Yorgos Lanthimos (Dogtooth, The Lobster, The Killing of a Sacred Deer) is a director who has long reveled in making his audience disoriented and uncomfortable. Whether in explicitly disturbing us or in pushing us up against our social mores he has made a career out of eliciting nervous laughter with his macabre sense of humor. His latest, the nasty, hilarious, and odd The Favourite is in many ways par for the course even as it looks and feels like nothing he has ever done before.
The Favourite is a deliciously ostentatious period piece that features all the production values you could ever wish for from such a movie, but uses the setting as window dressing for the devilish confrontation between the movie’s central trio of actresses. Olivia Colman plays Queen Anne, a childish and physically impaired monarch who seems to have an endless list of people looking to play her the fool for their own political gains while trying to avoid her arbitrary wrath. Anne is in the middle of an unseen war with France which has split her parliament in two between the waning Whigs and upstart Tories, each side jockeying for her favour. Sarah (Rachel Weisz), the duchess of Marlborough, uses her standing as Anne’s childhood friend and sometimes lover to position herself as the Queen’s buffer and advisor and is effectively the one truly in charge. Their tenuous and convenient arrangement is thrown off balance however by the arrival of Sarah’s cousin Abigail (Emma Stone), who finds herself deposed of her own lofty potential thanks to her father disgracing himself and who Sarah takes uncharacteristic pity on by giving her a lady-in-waiting position. This will prove to be a decision she will soon regret.
Abigail’s initiative (or exploitative gumption, depending on your perspective) finds her quickly threatening Sarah’s position as the Queen’s favorite which naturally brings out the foppish men. Chief amongst them is Harley (Nicolas Hoult), the leader of the Tories who senses an opportunity to try and shift the balance of power in his favor. Yet they are nothing more than entertaining side-shows in this spectacle, children while the ruthless women play their dangerous game of high stakes. It is Mean Girls in aristocratic clothing. And it is just as entertaining to watch.
These machinations help make The Favourite easily Lanthimos’ most explicitly comedic and accessible movie to date. Borrowing from the great tradition of period plays, the movie at once feels at home with Downtown Abbey or more closely with Dangerous Liaisons with its explosive mix of decorum and transgressions. Yet several things keep this from being merely a stodgy chamber piece movie. The first is the fantastic work of cinematographer Robbie Ryan. Eschewing traditional framing, he shows us this bygone world through the use of fish-eye lenses, dolly shots, ultra-wide composition, and whiplash camera-pivots which gives the whole movie an otherworldly feel. I’m not sure if you can draw deep meaning into the camera choices here, but its clear deviation from the norm of period pictures makes the movie strangely eccentric, heightening the comedy with its air of unpredictability. This, combined with the outlandish and often-times garish production design ensure that the movie is a visual delight from beginning to end.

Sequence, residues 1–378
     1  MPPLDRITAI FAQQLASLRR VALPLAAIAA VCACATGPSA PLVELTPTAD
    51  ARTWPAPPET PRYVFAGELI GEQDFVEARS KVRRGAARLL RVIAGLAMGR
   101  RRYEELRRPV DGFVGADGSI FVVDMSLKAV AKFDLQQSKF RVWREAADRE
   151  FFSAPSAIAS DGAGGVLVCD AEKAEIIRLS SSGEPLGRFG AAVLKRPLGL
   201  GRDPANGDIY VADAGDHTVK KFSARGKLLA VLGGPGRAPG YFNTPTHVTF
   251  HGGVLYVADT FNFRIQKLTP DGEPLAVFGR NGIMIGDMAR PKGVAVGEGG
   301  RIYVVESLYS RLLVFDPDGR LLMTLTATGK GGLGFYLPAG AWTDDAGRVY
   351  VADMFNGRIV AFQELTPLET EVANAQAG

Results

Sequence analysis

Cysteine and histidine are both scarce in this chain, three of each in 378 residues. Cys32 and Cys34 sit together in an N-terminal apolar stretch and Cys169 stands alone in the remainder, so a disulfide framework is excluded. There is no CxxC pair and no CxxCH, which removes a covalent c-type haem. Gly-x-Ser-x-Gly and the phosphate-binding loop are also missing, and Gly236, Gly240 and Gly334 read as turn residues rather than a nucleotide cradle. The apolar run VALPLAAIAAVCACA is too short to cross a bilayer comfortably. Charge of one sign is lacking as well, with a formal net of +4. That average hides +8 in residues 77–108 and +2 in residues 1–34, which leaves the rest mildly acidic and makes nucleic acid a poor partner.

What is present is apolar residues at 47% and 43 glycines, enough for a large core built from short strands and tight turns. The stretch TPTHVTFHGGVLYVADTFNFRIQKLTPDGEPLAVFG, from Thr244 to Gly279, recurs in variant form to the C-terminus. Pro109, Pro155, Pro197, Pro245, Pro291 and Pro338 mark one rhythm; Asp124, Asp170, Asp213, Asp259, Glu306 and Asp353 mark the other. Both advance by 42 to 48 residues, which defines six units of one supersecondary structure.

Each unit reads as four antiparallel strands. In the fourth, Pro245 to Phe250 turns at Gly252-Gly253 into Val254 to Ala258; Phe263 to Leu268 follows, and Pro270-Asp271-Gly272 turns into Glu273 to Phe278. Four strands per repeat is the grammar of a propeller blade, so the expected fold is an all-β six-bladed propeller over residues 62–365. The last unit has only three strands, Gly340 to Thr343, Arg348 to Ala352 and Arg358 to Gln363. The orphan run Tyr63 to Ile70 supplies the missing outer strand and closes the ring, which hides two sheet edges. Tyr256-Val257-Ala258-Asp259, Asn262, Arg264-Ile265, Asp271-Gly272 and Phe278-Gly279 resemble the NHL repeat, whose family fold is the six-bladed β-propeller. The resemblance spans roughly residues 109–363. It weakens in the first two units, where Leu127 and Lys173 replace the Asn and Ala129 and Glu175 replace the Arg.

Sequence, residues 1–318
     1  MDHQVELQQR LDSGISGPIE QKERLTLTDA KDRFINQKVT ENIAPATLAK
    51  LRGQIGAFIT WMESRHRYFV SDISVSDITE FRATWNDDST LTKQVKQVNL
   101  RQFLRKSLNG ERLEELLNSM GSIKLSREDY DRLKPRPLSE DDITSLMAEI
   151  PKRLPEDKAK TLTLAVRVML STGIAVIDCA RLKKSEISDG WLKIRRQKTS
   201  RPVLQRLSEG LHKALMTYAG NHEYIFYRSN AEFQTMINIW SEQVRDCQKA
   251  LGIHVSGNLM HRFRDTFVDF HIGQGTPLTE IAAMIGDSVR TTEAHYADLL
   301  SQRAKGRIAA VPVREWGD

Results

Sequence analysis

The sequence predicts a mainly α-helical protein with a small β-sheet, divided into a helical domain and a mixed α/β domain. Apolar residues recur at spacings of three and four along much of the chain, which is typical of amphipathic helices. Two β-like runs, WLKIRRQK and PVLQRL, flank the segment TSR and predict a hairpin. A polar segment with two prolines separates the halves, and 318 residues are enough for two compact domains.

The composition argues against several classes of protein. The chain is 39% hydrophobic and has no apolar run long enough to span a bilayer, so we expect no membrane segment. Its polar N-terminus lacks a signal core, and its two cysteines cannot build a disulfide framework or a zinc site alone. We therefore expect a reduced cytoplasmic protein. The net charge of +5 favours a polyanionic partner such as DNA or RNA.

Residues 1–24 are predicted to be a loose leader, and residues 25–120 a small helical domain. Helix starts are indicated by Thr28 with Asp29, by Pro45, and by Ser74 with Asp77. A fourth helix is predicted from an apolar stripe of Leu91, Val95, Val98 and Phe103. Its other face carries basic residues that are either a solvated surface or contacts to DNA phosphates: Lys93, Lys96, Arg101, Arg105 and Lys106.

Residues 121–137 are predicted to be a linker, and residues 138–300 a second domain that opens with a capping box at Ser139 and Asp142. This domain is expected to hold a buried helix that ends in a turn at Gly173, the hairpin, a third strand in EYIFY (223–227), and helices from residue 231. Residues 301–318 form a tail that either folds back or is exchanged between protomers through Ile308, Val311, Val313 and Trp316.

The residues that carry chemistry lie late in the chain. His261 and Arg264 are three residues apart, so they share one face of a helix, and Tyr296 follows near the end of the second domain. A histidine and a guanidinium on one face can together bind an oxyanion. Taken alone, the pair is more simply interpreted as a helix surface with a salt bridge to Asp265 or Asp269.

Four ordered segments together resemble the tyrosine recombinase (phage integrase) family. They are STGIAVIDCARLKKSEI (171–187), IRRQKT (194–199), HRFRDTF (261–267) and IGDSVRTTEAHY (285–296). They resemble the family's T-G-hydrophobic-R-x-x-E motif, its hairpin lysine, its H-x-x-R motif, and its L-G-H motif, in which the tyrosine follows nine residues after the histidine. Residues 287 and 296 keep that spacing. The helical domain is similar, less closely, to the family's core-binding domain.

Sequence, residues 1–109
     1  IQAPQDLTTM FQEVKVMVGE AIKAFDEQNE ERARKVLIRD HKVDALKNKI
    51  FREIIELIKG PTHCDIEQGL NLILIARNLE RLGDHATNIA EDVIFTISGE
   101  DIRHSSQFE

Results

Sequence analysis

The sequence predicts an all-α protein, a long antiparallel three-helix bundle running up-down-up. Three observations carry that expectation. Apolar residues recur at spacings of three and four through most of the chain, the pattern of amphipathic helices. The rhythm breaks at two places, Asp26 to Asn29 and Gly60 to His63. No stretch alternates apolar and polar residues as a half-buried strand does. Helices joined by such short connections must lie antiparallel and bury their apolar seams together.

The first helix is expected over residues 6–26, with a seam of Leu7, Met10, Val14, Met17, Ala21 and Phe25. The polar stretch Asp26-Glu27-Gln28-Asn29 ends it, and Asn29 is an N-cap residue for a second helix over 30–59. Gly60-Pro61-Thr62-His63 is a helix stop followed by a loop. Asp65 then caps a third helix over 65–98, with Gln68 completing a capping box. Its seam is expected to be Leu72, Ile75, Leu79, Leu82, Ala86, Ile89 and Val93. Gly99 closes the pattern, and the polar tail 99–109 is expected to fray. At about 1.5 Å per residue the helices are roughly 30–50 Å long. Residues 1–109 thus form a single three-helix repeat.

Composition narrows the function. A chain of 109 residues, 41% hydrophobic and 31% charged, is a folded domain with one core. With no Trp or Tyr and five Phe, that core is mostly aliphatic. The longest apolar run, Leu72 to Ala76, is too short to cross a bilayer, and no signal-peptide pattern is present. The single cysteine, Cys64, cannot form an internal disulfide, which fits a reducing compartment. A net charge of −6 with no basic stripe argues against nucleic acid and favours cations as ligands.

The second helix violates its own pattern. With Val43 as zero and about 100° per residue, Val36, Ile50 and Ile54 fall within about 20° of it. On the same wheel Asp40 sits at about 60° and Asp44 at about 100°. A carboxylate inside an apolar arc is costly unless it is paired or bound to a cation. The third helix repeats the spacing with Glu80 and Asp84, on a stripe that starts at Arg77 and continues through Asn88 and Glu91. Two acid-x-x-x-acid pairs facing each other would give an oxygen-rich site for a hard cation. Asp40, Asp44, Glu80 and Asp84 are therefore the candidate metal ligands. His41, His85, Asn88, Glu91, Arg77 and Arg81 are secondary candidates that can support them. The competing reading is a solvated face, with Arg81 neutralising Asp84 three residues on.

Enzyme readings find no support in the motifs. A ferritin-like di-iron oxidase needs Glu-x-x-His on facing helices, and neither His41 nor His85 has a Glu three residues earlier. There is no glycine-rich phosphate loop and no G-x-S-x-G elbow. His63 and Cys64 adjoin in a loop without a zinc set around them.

But while the window dressing is a marvel to look at, it is the central trio’s performances that elevate the movie to one of the year’s best. Emma Stone confirms why she is one of the premiere young actresses working today as she oscillates between waifish innocence as chilling ruthlessness in her own personal climb back up the social ladder. Meanwhile Rachel Weisz’s performance continues to show why she is a criminally underrated actress. As the frequently compromised Sarah, her role is arguably the toughest as she has to simultaneously play the villain as the one who effectively controls the throne but also be sympathetic as one who finds her uncharacteristic act of kindness come back to haunt her continually. The duel between the two is easily the most entertaining onscreen confrontation of the year.
However it is Olivia Colman’s role, as the eternally immature Queen Anne, who elevates their conflict into the level of absurdity. While it seems criminal to single out one role in this trio above the others (and in a perfect world we would just award a joint Best Actress Oscar to Stone, Weisz, and Colman), Colman just about edges it with her tragicomic performance here. She is at once monstrous, the epitome of a capricious ruling class who sees her subjects as objects for her entertainment. But she is also vulnerable as her years in power have led her to isolation and to becoming the butt of whispered jokes. Without Colman’s performance, the whole movie would simply be a farce, and a riotous one at that. But Colman brings a much-welcome modicum of humanity to this story, reminding us that the high-stakes royal court games being played here have real victims, and though she may look the part her Queen Anne is no fool.
Of course if there is one group who is bound to be disappointed, it will be those looking for anything resembling historical accuracy or some sort of moralistic lesson. Lanthimos could hardly be less interested in giving us the real Queen Anne. Instead this is simply a movie about horrible people doing horrible things to one another in ways that are both ingenious and cruel, and as such is an utter blast.
Runtime: 119 minutes
Directed by Yorgos Lanthimos
Written by Deborah Davis, Tony McNamara
Starring Olivia Colman, Rachel Weisz, Emma Stone, Nicolas Hoult